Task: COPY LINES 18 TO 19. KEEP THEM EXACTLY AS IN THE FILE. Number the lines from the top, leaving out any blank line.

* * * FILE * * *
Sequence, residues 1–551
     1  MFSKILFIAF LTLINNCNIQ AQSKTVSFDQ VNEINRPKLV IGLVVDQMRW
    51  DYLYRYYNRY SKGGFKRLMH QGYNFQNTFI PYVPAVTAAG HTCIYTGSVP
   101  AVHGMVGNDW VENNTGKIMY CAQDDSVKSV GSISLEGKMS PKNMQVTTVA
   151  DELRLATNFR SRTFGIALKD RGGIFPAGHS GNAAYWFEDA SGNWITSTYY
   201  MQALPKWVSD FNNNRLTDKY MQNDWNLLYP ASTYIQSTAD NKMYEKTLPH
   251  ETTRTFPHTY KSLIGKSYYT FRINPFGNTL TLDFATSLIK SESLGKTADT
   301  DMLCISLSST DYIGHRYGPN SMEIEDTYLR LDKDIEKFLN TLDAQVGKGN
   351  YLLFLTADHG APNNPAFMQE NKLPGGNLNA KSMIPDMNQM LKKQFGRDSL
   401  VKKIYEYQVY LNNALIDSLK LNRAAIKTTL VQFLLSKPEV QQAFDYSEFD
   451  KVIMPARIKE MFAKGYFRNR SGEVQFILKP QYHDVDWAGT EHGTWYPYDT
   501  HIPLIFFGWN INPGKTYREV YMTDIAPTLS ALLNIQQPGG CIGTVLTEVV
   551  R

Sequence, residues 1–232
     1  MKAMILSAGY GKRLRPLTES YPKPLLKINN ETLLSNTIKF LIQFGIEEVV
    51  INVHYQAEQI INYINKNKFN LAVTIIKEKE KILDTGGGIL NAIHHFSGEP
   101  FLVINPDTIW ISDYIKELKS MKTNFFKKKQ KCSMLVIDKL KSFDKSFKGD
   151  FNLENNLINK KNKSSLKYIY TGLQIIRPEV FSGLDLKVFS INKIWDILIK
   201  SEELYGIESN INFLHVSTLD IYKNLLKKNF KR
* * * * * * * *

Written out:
   151  FNLENNLINK KNKSSLKYIY TGLQIIRPEV FSGLDLKVFS INKIWDILIK
   201  SEELYGIESN INFLHVSTLD IYKNLLKKNF KR